This was our daughter’s fifth Christmas. She’s in kindergarten this year and loving it. She’s always been a precocious child and so has really taken to it all. The holidays are always a bit unusual around here. My wife was not raised Christian. She was American-born to Taiwanese parents. As such, we’ve had a lot of back and forth conversations about what to do about the “Santa thing.” It wasn’t really a part of her tradition, but I have a lot of fun Santa memories growing up. We’ve settled on neither confirming nor denying St. Nick, but I was all for the opportunity to bake chocolate chip cookies with her on Christmas Eve.
Toll House recipe of course. We’re not barbarians.
And you know what, she believes. In spite of whatever mixed signals we send at home, she believes. Even if not that it’s literal truth, she thirsts for the lore. For the magic. Really, what else is there to Santa but the power of willing oneself to believe?
I didn’t want to write about the Newton, Connecticut shooting. I really didn’t. The fact of the matter is, it hasn’t left my mind for too long ever since it happened. It’s not like I think about it all the time, but it’s a creeping thought that pops into my brain when I least want it. When it seems furthest away. As the parent of an elementary school student, I can’t think of anything more horrifying.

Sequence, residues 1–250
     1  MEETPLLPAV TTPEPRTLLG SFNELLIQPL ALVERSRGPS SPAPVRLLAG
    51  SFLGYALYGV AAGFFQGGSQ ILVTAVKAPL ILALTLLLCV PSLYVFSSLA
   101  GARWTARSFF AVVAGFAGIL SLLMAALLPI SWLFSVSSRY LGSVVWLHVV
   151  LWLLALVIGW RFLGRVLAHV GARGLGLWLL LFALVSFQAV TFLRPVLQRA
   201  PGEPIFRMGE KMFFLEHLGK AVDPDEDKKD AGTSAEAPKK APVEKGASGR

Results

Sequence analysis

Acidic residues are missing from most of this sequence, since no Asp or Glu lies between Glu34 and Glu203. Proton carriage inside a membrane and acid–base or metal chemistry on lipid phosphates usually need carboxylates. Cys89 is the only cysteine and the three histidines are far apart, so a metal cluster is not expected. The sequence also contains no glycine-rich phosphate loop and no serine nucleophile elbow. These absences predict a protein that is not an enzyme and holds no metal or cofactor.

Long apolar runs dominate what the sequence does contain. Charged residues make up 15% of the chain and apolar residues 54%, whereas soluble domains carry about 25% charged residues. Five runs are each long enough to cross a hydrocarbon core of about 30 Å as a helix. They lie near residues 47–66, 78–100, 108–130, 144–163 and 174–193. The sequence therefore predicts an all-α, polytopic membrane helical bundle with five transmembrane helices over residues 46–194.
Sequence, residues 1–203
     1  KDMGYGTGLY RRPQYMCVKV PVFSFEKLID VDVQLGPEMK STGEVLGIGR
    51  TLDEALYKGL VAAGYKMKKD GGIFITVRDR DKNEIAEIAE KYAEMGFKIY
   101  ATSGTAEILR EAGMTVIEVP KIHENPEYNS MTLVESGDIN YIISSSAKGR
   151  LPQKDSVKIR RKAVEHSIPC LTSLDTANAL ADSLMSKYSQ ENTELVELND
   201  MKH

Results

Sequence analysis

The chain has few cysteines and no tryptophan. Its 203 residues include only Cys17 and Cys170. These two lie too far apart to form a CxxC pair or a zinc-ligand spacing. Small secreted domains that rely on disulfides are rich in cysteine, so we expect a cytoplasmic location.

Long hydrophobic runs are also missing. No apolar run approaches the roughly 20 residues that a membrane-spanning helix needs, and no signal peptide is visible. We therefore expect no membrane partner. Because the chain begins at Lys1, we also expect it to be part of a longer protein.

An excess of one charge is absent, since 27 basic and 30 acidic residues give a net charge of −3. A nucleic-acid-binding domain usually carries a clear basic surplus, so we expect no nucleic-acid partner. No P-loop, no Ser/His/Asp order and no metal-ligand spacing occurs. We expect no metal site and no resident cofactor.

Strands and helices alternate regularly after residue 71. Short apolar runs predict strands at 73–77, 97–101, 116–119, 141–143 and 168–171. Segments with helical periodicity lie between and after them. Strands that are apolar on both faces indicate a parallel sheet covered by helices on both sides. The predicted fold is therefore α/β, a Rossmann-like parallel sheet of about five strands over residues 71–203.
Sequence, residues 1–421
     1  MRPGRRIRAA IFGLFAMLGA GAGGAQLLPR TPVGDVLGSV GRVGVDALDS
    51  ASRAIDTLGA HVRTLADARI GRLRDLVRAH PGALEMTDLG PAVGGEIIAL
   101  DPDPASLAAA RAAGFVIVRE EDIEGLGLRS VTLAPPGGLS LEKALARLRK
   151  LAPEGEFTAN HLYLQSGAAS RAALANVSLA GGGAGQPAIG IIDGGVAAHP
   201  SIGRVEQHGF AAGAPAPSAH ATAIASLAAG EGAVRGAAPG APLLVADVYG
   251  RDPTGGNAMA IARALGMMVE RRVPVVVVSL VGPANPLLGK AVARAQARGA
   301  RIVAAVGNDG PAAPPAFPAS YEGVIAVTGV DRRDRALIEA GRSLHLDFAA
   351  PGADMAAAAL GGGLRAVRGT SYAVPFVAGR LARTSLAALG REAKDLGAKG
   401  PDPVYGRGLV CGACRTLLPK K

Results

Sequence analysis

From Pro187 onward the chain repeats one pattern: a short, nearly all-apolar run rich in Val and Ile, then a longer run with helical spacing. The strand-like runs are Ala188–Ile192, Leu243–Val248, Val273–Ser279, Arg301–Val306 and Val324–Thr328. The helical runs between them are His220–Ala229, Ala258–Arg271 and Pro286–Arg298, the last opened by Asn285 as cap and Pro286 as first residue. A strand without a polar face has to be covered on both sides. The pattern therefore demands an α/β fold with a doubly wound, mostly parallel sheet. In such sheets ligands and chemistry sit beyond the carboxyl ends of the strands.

So, this Christmas, I held our daughter a little tighter. I went out of the way to show her we love her. And we made the best damn chocolate chip cookies ever baked. We gave our gifts and I made sure to tell her the true story of the real-life St. Nicholas who inspired all of our giving (though I left out the fist-fight at the Council of Nicea). Then I made sure to make up a few more stories.
When we awoke on Christmas morning, my wife and I even discovered our daughter smuggled in a special surprise under the tree. It was a secret present. Just for us.
That’s right. A pink box filled with seven q-tips.
She glanced into it over my shoulder. “Hmph…” she said. “I thought there were more…”
And so, happy holidays, reader! May you have a prosperous New Year and want for nothing more than the love of family and half a dozen q-tips.